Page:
Code freeze, in which no changes are permitted to a software system, is a policy often used to reduce risk. Any changes to code or configuration may have unintended consequences and introduce bugs. Code freezes help to ensure that the system will continue to operate without disruptions. They are for example commonly used in the retail industry during holiday shopping season when systems load is at a peak.
While reducing risk, code freezes also have negative consequences:
- Business agility is impacted as business is constrained in what they can ask software teams for during the code freeze.
- Time to market is elongated as feature deployments are delayed till after the code freeze.
- Software team productivity goes down. Any bug fix deployments are more time consuming while complying with the code freeze policies, code merges can become more complicate, system integration and QA of new features is disrupted or at least delayed.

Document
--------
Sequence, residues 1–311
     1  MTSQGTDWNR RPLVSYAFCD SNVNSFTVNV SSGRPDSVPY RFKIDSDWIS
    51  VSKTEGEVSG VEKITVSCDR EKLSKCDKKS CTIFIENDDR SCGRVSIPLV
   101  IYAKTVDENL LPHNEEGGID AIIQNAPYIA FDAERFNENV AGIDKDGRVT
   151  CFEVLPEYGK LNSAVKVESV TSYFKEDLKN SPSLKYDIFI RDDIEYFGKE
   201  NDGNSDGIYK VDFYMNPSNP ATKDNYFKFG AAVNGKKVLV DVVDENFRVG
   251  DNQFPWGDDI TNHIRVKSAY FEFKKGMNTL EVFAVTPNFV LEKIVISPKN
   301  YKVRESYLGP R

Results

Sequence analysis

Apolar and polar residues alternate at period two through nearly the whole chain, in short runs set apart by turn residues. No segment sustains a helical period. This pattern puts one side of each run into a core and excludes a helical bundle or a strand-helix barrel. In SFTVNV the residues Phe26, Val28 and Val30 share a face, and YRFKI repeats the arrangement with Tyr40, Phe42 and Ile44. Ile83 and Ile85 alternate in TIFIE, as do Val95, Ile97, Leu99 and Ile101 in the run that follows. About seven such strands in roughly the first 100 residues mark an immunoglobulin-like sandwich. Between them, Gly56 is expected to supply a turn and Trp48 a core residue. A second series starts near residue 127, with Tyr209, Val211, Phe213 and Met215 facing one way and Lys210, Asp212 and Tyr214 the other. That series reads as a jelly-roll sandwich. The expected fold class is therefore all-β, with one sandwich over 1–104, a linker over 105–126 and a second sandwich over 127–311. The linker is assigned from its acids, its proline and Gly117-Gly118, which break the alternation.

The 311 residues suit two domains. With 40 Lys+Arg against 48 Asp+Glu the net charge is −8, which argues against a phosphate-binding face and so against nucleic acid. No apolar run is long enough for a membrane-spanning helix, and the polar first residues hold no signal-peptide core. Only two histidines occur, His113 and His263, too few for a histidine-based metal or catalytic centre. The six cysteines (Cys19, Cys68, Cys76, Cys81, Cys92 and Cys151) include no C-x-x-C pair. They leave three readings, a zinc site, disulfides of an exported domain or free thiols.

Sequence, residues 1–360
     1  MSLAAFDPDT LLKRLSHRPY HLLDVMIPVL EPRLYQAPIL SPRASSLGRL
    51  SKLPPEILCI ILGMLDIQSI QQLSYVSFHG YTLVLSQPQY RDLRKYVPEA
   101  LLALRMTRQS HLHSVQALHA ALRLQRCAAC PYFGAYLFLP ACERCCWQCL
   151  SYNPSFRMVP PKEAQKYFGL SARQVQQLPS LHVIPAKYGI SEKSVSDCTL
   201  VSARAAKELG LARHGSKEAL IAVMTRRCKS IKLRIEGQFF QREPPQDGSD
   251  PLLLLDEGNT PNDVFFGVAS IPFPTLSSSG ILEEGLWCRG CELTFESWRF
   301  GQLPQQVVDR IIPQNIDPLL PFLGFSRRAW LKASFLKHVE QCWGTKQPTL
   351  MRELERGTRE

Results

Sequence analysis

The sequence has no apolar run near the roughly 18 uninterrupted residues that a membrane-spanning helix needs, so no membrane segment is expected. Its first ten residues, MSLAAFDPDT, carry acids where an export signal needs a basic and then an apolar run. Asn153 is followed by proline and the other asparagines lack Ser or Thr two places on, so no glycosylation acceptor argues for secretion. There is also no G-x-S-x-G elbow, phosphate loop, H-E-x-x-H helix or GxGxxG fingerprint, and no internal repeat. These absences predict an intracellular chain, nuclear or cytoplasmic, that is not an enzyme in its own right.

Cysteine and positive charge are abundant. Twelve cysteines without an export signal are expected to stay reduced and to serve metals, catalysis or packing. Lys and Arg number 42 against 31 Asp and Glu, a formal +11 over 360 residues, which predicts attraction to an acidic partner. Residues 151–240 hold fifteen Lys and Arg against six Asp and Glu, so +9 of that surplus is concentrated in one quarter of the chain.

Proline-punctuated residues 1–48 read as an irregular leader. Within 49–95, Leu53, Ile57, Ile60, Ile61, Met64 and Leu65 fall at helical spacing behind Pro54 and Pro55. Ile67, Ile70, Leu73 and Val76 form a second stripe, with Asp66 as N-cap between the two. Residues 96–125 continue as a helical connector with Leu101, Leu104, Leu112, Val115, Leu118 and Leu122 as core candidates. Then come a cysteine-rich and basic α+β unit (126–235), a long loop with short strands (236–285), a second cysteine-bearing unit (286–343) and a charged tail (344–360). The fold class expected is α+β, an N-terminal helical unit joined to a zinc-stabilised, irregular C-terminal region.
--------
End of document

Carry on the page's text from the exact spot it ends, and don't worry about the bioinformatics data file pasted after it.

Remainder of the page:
- Subsequent release becomes more risky as a larger backlog of features gets deployed after the code freeze.
This begs a question. Can code freezes be avoided? The answer is yes. State of the art is continuous deployment – multiple production releases a day, five days a week, every week, i.e. no code freeze required.
Code freezes can be eliminated if there is a high level of confidence that software deployments will not have unintended consequences. This requires:
- Comprehensive test automation including unit, integration and performance testing.
- Diligent code reviews.
- Zero downtime release process. This requires particular attention to any database changes.
- Robust monitoring with warnings issued when system’s health deteriorates but well before it becomes a real issue, and critical alerts sent when the system requires immediate attention.